Author Topic: HP Oscilloscope Issue  (Read 1722 times)

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Offline AardvarkM31

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HP Oscilloscope Issue
« on: December 03, 2021, 02:30:14 am »
I purchased a used HP 54600B oscilloscope. I didn't realize but it was missing the brightness adjustment knob. I seen online that there is some common issue with the brightness of the scope failing. The scope seems to work well and the brightness is fine as it is. Without having the knowledge to pull it apart, does anyone know of a fix for that or similar issue that does involve removing the adjustment switch a a visible clue?
 

Online Wallace Gasiewicz

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Re: HP Oscilloscope Issue
« Reply #1 on: December 03, 2021, 10:38:17 am »
If you can see the stem of the potentiometer in the hole. Just get another knob.
Pics of the 54600 show a knob but sometimes these adjustments are just flat screw heads.
I do not know what your particular damage might be.
 
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Online oPossum

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Re: HP Oscilloscope Issue
« Reply #2 on: December 03, 2021, 02:58:06 pm »
The brightness knob is the end of a shaft that extends about 4 inches into the 'scope. The pot it connects to has a D shaft.
 
 
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Offline AardvarkM31

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Re: HP Oscilloscope Issue
« Reply #3 on: December 04, 2021, 06:03:18 am »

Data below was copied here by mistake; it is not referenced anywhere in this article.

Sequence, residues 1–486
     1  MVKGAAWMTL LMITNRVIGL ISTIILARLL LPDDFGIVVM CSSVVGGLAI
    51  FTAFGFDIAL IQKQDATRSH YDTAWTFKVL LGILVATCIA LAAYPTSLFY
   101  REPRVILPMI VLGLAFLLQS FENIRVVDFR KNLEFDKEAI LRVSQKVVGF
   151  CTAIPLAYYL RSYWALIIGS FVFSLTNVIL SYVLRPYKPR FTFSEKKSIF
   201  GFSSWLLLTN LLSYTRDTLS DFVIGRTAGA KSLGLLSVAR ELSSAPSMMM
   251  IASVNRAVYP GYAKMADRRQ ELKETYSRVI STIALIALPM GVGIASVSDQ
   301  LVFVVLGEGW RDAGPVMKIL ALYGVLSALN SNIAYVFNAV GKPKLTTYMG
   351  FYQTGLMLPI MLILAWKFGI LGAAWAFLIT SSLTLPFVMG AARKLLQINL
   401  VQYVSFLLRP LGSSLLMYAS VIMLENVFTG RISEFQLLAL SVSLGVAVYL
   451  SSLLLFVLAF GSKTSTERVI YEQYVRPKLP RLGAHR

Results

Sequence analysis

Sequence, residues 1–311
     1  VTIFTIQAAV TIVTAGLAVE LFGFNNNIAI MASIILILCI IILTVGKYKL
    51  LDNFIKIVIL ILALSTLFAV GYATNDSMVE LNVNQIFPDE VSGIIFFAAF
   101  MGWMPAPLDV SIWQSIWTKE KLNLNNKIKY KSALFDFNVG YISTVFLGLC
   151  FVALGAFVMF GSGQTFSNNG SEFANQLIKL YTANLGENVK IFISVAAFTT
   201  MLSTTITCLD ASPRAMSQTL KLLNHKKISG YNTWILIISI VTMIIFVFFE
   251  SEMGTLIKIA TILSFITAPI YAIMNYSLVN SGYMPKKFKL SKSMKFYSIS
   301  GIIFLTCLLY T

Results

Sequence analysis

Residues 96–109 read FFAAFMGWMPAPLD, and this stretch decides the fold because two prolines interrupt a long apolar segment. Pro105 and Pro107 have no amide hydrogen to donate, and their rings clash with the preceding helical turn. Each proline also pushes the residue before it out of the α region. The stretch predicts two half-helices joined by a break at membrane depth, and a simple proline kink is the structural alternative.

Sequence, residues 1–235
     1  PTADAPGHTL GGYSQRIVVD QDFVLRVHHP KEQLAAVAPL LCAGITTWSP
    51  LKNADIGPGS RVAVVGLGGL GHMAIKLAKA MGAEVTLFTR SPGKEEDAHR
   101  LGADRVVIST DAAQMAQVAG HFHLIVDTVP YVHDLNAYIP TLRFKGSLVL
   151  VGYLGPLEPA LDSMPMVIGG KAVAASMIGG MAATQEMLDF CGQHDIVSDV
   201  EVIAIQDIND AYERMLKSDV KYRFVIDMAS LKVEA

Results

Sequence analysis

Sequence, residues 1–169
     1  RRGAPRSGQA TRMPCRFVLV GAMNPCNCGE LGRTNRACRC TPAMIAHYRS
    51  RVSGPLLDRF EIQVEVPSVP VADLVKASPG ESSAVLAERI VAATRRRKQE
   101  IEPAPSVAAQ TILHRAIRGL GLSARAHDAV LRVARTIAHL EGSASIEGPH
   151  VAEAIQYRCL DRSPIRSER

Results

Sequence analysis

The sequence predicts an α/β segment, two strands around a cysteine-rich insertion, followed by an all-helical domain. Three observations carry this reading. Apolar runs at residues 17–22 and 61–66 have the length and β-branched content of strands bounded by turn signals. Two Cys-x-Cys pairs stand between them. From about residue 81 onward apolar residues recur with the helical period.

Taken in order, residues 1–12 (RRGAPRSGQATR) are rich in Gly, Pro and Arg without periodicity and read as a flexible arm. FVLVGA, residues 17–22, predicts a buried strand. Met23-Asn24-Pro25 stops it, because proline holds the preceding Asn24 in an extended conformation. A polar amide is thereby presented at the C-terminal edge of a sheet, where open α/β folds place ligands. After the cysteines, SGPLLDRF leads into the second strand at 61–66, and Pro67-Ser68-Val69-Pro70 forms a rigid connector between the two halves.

Howdy Wally,
    Nope, nothing can be seen in the opening. May have to dig deeper....
 

Offline AardvarkM31

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Re: HP Oscilloscope Issue
« Reply #4 on: December 04, 2021, 06:08:11 am »
The brightness knob is the end of a shaft that extends about 4 inches into the 'scope. The pot it connects to has a D shaft.

Hello oPossum,
   So that is what it looks like. Thank you for the picture, I had thought it was a mounted potentiomer and a knob on the outside. That shaft has been removed or is broken inside. Are those parts still even available? Just learning the scope and haven't really realized a problem with the adjustability yet.
 

Online james_s

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Re: HP Oscilloscope Issue
« Reply #5 on: December 04, 2021, 06:34:46 am »
I don't know if that part is still available but I'd be kind of surprised if it is still manufactured. It looks like you could fabricate something fairly easily though, some kind of round plastic rod stock coupled to the pot with a piece of rubber tubing ought to work.
 
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Online Wallace Gasiewicz

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Re: HP Oscilloscope Issue
« Reply #6 on: December 04, 2021, 11:15:47 am »
James has the right idea. You can get clear rubber like tubing from ACE hardware for about 20 cents a foot. It is flexible for liquids but firm enough for this function.
I just bought some for my suction on my solder extractor. Comes in several diameters.
Craft stores like Michaels probably sell  plastic "stock"
Harbor Freight sells plastic "welding rods" never used them but they might work.
You can heat the end of the clear rubber tube with hot air to make it fit better.
 
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Online oPossum

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Re: HP Oscilloscope Issue
« Reply #7 on: December 04, 2021, 01:45:53 pm »
 
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Offline george.b